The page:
Andy Irvine is one of the great Irish singers, his voice one of a handful of truly great ones that gets to the very soul of Ireland. He has been hailed as “a tradition in himself.” Musician, singer and songwriter, Andy has maintained his highly individual performing skills throughout his over 50-year career. From Sweeney’s Men in the mid 60s, to the enormous success of Planxty in the 70s, his duo with Paul Brady in the later 70s and then from Patrick Street to Mozaik, LAPD and Usher’s Island, Andy has been a world music pioneer and an icon for traditional music and musicians.
As a soloist, Andy fills the role of the archetypal troubadour with a show and a travelling lifestyle that reflect his lifelong influence, Woody Guthrie. To quote The Irish Times, “Often copied, never equalled”, his repertoire consists of Irish traditional songs, dexterous Balkan dances and a compelling canon of his own self-penned songs.
Andy reached the age of 70 in 2012 and two great concerts were held in Vicar Street, Dublin to mark the occasion. Sweeney’s Men were reformed (with Johnny Moynihan and Terry Woods), Mozaik got together, LAPD was there and Andy & Paul did a set. Andy’s great friends from Athens, the Galiatsos Brothers came over and the shows were recorded and later came out on DVD and CD as “Andy Irvine 70th Birthday Concert at Vicar St 2012”, music produced by Dónal Lunny and filmed by Philip King.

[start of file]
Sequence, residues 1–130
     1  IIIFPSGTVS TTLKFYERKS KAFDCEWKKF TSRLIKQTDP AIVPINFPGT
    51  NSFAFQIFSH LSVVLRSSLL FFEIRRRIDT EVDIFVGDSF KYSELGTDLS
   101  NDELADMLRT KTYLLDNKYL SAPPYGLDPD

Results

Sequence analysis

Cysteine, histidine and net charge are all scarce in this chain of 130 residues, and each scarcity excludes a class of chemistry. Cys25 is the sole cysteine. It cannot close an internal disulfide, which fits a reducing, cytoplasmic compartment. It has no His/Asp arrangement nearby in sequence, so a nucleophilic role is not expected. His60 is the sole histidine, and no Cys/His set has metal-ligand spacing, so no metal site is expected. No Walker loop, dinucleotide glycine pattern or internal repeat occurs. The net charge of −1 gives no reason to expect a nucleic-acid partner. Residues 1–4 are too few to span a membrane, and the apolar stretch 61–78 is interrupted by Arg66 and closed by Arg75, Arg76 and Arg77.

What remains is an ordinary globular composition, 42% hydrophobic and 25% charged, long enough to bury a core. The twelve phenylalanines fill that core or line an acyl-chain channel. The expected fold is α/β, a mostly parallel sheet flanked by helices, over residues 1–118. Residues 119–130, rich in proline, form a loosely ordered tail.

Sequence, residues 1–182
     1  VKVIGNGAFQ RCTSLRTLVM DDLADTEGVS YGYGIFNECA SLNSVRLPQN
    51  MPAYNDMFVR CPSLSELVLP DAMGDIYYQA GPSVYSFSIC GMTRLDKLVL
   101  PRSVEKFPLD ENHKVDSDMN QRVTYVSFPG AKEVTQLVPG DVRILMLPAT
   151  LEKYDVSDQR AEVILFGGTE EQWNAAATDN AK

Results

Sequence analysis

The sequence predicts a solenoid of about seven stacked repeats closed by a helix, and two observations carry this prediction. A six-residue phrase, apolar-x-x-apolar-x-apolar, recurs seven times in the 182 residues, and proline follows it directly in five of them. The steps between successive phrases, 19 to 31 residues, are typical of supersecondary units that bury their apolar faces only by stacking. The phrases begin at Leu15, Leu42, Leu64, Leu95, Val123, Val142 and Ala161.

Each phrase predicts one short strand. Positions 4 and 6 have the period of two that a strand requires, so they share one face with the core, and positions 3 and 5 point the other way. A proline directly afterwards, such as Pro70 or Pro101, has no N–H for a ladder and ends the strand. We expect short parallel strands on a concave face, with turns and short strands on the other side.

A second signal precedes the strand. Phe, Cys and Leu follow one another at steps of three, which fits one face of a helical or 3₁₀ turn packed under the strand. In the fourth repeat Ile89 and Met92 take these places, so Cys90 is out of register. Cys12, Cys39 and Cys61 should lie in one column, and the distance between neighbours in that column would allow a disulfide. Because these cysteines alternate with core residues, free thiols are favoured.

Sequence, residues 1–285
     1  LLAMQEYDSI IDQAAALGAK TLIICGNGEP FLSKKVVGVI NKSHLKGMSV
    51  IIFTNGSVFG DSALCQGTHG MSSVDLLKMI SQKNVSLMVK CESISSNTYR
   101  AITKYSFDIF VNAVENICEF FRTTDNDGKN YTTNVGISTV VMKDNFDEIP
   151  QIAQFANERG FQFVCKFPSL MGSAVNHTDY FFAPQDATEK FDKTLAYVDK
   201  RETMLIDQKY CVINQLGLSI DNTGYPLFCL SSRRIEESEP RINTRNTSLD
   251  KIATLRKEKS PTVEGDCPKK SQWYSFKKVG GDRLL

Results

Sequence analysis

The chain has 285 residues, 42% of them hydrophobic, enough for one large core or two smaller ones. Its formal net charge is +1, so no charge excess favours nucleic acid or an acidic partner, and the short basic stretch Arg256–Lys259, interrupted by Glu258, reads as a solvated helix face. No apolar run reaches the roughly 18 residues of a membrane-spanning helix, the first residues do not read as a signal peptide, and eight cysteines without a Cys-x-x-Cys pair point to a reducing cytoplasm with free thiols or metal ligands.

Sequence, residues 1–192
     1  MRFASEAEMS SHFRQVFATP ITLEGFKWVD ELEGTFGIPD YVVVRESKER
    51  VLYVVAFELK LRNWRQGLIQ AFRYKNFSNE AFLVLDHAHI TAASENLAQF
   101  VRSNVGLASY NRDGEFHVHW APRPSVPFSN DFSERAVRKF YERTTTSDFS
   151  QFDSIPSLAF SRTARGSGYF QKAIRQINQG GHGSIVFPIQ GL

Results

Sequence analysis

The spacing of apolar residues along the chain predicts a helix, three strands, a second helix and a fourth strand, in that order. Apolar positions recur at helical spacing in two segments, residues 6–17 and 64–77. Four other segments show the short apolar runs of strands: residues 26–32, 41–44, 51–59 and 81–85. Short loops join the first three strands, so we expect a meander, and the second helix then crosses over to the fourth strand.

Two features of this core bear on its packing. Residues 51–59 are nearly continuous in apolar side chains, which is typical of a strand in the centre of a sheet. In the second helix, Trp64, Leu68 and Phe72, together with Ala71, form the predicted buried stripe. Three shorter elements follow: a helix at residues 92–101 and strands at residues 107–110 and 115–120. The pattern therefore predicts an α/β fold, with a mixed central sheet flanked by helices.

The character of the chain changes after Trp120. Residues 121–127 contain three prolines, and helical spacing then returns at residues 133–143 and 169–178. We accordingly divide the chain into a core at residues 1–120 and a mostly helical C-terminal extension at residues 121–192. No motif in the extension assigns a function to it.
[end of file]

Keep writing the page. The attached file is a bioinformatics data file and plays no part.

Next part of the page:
In August 2016 Andy went to Melbourne to record a new album with Luke Plumb – a brilliant mandolin player and record producer – they later toured Australia together in 2016/2017 with the album which is called “Precious Heroes”.
Ever the man for new pastures, in the last decade, Andy has played concerts in Moscow, Mexico City, Newfoundland, Costa Rica, Panama and Nicaragua as well as undertaking extensive tours of Japan, Iceland, Faroe Islands, Argentina and Chile.
Although an integral part of the finest Irish bands of our time, Andy Irvine continues along the path he set for himself so long ago – a vibrant career as a solo artist in the old style, a teller of tales and maker of music.
Photo credit: Brian Hartigan